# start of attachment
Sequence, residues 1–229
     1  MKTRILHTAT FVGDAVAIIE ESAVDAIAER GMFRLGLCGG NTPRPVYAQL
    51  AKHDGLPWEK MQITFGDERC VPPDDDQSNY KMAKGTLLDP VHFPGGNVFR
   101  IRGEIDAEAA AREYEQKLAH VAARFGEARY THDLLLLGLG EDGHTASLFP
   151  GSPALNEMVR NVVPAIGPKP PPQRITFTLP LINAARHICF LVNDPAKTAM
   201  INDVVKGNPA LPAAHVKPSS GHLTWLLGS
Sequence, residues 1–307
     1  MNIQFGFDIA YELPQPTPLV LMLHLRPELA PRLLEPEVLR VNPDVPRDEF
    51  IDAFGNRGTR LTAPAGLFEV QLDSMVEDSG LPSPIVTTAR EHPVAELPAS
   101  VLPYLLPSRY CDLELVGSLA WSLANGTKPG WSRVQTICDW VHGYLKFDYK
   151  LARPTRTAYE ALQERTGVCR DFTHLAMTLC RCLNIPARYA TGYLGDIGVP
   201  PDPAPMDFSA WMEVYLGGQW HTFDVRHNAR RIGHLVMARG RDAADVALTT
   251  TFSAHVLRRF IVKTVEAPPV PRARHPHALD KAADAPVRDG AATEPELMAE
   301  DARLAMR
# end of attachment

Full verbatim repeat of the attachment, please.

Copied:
Sequence, residues 1–229
     1  MKTRILHTAT FVGDAVAIIE ESAVDAIAER GMFRLGLCGG NTPRPVYAQL
    51  AKHDGLPWEK MQITFGDERC VPPDDDQSNY KMAKGTLLDP VHFPGGNVFR
   101  IRGEIDAEAA AREYEQKLAH VAARFGEARY THDLLLLGLG EDGHTASLFP
   151  GSPALNEMVR NVVPAIGPKP PPQRITFTLP LINAARHICF LVNDPAKTAM
   201  INDVVKGNPA LPAAHVKPSS GHLTWLLGS
Sequence, residues 1–307
     1  MNIQFGFDIA YELPQPTPLV LMLHLRPELA PRLLEPEVLR VNPDVPRDEF
    51  IDAFGNRGTR LTAPAGLFEV QLDSMVEDSG LPSPIVTTAR EHPVAELPAS
   101  VLPYLLPSRY CDLELVGSLA WSLANGTKPG WSRVQTICDW VHGYLKFDYK
   151  LARPTRTAYE ALQERTGVCR DFTHLAMTLC RCLNIPARYA TGYLGDIGVP
   201  PDPAPMDFSA WMEVYLGGQW HTFDVRHNAR RIGHLVMARG RDAADVALTT
   251  TFSAHVLRRF IVKTVEAPPV PRARHPHALD KAADAPVRDG AATEPELMAE
   301  DARLAMR